Joanna may have been willowy of build, but her arms had a strength in them, as did her hands and her wrists, put there from years of cooking with that excessively heavy iron pan. She swung it as a knight would swing a battle ax, and gradually she chopped down the twisted tree that was her husband.
When he was sufficiently dizzied, and kneeling on the ground in near-defeat, she took the ice-and-iron ring and she shoved it into his mouth and down his throat. He tried to hack it up, but she struck him again, across the mouth with the flat of the pan, and sent the magical stopper down into the pit of his belly. He fell forward, hands and knees on the floor, gagged. Nor did she relent even then. She set to once more like a melee champion with a hornet in her helmet, smacking his back with the ugly pan. With each strike a gush of amber spewed from Blake’s mouth, spilling out, ounce by ounce, until the imp was dispossessed of its host and nothing remained of that perverse sunwater spirit but a wet stain upon the cottage floor.
And after she struck him once more, the orange flames extinguished in his gaze, and his green eyes shown true and handsome as they once did, though now crowded with puffy black knots that closed one eye and made the other squint in pain. He found his voice— his voice– and he wailed.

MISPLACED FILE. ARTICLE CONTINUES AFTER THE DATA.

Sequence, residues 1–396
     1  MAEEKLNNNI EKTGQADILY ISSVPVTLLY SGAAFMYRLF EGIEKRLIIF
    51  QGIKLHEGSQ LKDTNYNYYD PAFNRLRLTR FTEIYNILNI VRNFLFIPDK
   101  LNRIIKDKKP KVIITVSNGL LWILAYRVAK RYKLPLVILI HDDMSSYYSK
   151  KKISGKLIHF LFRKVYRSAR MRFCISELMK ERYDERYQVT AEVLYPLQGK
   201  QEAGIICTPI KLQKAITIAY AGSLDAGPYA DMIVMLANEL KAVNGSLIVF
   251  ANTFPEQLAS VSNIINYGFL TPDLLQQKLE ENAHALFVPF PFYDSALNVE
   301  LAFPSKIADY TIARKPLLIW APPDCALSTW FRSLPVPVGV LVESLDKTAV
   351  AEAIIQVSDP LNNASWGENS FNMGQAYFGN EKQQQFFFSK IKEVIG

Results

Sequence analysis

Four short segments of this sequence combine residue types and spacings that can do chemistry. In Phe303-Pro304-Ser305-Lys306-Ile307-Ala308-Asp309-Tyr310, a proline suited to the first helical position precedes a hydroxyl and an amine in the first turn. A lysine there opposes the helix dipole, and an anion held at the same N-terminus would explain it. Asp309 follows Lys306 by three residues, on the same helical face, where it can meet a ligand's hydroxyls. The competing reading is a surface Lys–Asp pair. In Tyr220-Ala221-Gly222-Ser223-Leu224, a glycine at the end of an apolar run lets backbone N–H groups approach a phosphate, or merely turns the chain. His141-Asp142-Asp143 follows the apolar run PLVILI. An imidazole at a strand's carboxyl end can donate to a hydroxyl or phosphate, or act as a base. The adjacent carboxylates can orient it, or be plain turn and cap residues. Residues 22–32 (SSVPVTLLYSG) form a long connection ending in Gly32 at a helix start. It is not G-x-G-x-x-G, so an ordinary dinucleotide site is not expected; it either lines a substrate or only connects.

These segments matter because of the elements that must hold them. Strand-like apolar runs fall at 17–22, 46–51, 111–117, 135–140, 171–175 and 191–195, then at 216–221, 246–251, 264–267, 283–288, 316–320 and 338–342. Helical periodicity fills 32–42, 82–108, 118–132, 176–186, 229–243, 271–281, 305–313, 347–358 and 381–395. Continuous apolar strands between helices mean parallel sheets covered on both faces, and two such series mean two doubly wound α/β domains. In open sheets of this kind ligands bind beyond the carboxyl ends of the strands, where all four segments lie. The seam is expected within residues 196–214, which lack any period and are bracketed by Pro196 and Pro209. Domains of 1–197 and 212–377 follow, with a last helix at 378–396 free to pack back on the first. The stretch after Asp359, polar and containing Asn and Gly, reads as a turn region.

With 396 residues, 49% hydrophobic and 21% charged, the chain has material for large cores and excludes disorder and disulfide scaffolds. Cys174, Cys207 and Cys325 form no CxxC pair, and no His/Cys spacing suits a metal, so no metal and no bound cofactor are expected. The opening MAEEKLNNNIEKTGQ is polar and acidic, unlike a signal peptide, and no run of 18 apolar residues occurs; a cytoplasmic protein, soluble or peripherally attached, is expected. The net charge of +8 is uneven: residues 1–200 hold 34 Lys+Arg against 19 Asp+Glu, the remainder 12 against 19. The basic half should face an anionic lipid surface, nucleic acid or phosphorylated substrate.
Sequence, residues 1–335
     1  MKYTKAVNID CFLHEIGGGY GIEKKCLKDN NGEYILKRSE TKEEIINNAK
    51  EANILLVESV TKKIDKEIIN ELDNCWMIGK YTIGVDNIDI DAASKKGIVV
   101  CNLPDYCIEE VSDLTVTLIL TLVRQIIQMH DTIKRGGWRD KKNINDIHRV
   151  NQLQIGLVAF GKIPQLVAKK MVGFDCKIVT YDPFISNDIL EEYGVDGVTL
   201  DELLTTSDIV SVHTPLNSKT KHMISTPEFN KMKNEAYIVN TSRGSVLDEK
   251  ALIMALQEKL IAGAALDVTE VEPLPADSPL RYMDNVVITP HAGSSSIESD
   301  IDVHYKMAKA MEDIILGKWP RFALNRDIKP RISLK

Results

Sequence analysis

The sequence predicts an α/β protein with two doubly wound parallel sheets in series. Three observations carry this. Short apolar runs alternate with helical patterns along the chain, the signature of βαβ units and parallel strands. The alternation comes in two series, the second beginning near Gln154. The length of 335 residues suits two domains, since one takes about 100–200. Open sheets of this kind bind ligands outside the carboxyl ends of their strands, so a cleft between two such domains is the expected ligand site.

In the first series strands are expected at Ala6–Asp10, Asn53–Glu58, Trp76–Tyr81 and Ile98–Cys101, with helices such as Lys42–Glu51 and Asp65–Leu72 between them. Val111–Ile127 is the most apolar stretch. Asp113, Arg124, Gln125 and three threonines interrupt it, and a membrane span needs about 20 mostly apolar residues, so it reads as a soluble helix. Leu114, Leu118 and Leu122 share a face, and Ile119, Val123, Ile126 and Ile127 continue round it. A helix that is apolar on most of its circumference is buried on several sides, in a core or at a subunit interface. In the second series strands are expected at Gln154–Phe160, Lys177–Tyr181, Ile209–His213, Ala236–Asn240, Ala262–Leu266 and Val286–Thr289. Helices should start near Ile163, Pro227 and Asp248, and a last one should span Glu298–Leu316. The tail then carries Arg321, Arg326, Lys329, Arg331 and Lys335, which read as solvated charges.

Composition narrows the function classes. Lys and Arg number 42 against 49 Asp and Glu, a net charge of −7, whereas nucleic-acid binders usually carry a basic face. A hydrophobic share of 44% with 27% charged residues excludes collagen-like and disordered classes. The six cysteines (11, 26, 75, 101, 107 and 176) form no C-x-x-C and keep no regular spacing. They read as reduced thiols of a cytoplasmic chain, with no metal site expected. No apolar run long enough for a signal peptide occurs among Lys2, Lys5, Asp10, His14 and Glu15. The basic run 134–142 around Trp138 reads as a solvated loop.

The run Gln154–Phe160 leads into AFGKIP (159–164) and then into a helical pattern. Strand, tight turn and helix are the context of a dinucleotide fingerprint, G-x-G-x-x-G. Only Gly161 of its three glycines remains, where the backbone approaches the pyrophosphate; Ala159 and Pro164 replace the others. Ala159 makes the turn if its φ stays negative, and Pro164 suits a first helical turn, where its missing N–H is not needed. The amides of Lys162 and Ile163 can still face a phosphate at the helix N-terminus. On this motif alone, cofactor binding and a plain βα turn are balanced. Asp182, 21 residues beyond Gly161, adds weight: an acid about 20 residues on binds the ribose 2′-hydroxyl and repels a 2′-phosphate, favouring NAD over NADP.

“Are ye daft, woman? Is the red tide upon ye? Why this fury?”
And she struck him again, across the jaw, sprawling him out like a knight knocked off his horse in a joust.
“Leave off, woman!” he cried, holding his arms up for protection, “‘afore ye’ kill meh!”
“Aw, you’ll be all right,” she said, striking him again. She gave him a few wore wacks with the crude frying pan and then let off.
She stood as tall as her short height could be and loomed over him— big and dark and fiery like the Mumbling Mountain with its inescapable shadow— and then she told him what amendment she desired to the compact of their marriage. She told him that he would bend himself to it lest she become a widow that very night.
“Ah promise ye,” he said, coiling in upon himself like a naked infant.
The tone of his answer lacked conviction, and so Joanna brandished the frying pan once again…


Marriage was Joanna’s revenge. She was as loving and devoted a wife as she ever was. Now, however, she exercised a love and devotion that were in equal measure to Blake’s foibles and infidelities. Tit for tat, he got away with nothing. Whenever she flipped his flapjacks with her iron pan, Blake flinched, and cowered, and never dared touch sunwater or moonwater nor beer again, lest he suffer an imprint of Joanna’s love across his humbled backside. She left his face alone, for she did so fancy him a pretty man and
After too many of these corrections, Blake faded a bit. He became docile and meek. His green eyes gleamed no more with their inherent knavishness, but were dim and dull. Perhaps he had taken one too many hits to the head. It had softened his head too much until his brains were like the beans and spuds she cooked for him. Nor did he ever complain of them again.